“By nature, the pandemic did make things worse globally for mental health systems and decreased resources for healthy ways to cope. So when you think about it in that perspective, it does make a lot of sense that these ineffective tools, they’re reaching for those when these other resources are more limited,” said Dr. Christina Williams with Pine Grove Mental Health.
U.S. overdose deaths have risen most years for more than two decades. The increase began in the 1990s with overdoses involving opioid painkillers, followed by waves of deaths led by other opioids like heroin and — most recently — illicit fentanyl.
Last year, overdoses involving fentanyl and other synthetic opioids surpassed 71,000, up 23% from the year before. There also was a 23% increase in deaths involving cocaine and a 34% increase in deaths involving meth and other stimulants.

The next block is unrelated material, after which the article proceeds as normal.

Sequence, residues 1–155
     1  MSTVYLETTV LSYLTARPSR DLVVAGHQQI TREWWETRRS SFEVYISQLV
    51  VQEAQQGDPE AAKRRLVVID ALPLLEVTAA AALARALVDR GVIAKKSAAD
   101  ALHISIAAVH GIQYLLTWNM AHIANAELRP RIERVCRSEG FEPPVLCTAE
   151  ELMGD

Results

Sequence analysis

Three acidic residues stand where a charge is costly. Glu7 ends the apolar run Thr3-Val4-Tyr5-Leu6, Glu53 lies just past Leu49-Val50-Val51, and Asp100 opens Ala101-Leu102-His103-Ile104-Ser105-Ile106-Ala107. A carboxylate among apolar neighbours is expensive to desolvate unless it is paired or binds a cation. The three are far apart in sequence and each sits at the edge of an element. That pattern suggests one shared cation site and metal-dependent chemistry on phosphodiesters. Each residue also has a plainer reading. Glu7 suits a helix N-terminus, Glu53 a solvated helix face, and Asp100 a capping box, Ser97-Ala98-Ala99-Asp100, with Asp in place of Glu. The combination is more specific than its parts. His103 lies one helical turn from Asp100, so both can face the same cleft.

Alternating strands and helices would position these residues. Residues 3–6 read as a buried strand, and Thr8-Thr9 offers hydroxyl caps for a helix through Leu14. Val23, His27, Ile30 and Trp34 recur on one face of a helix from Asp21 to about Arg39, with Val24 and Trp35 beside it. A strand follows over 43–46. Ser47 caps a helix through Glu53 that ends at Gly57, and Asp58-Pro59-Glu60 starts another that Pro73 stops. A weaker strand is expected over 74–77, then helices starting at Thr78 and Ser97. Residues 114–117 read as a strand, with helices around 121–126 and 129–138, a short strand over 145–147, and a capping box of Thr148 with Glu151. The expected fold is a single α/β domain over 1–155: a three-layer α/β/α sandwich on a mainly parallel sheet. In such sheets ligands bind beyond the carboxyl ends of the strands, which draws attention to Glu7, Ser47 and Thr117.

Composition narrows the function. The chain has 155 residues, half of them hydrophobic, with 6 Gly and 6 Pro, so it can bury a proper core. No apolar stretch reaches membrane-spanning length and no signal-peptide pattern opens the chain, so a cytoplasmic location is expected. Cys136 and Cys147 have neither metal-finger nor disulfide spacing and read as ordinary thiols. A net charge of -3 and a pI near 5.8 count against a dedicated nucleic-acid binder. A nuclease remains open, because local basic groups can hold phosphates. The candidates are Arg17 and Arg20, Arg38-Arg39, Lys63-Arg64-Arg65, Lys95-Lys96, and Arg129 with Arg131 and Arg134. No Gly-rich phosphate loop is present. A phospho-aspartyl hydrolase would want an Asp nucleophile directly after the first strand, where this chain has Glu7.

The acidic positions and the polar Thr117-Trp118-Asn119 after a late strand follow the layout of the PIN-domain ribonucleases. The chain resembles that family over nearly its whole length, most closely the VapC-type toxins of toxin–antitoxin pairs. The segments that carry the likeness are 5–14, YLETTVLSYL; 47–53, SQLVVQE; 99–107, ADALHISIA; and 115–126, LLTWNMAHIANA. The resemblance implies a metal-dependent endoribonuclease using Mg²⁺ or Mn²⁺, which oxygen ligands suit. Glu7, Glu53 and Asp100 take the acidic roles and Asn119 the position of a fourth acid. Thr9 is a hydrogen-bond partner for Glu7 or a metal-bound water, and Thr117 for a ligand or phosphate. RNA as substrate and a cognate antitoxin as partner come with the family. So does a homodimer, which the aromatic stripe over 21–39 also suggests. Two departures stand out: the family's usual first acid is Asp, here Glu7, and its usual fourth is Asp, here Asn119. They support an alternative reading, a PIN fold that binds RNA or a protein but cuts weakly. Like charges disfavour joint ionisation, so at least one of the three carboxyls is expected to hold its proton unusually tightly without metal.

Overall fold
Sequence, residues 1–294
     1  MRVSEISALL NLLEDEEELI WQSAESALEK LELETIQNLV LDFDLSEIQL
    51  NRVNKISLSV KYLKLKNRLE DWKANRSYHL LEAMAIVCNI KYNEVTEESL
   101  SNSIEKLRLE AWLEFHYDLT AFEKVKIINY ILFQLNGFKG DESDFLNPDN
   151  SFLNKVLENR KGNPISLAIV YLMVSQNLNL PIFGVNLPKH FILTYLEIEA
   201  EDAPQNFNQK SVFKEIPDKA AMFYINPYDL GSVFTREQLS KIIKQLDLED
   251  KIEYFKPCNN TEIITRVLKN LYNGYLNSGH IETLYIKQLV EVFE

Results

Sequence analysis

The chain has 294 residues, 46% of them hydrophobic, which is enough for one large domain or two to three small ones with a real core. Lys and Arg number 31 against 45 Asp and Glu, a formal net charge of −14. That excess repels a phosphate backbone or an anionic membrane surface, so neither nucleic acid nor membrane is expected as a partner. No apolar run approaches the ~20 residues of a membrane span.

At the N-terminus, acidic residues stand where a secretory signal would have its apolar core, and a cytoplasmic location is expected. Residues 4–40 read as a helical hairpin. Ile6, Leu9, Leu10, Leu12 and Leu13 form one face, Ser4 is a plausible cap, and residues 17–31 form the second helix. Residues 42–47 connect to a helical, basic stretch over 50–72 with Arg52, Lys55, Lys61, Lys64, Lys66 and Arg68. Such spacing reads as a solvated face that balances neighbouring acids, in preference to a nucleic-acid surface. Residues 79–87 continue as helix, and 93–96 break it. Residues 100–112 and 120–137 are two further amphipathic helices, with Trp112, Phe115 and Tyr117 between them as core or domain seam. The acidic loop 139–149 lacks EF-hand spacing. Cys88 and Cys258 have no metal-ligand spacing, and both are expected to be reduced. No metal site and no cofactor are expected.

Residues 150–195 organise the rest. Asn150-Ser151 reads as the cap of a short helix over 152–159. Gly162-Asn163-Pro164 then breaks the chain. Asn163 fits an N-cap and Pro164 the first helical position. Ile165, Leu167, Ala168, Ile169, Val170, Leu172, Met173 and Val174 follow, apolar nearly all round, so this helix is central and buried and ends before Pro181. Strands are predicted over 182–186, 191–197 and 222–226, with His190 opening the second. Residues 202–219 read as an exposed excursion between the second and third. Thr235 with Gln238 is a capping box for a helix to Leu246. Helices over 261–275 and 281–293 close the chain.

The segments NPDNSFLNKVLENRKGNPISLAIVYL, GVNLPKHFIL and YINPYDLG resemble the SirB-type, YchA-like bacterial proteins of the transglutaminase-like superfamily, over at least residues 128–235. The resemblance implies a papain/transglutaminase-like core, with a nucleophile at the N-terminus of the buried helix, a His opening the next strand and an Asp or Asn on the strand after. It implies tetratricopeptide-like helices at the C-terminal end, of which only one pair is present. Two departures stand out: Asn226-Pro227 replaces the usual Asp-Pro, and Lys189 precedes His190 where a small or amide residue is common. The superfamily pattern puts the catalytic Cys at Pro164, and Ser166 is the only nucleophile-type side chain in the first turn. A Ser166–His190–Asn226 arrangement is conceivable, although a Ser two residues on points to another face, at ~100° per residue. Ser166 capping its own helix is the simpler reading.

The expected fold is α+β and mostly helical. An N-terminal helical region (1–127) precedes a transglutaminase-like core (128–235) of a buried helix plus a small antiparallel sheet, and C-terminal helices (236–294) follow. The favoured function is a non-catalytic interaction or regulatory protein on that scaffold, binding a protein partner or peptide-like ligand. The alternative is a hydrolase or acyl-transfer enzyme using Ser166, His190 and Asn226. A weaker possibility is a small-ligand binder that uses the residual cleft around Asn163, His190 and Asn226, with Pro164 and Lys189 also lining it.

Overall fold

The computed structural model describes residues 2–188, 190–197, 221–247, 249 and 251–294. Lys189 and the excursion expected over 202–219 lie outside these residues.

Families who have lost someone to a drug overdose said some businesses are sending mixed messages about drugs.
“We have five businesses in town that sell drug paraphernalia, and then at night, we pull people out of the back of a car and charge them with possession of drug paraphernalia, which they bought from an established business that we keep giving license to,” said James Moore with Moore’s Bike Shop.
Doctors said they believe the number of overdose deaths will go down as the works opens back up.
The Associated Press contributed to this report.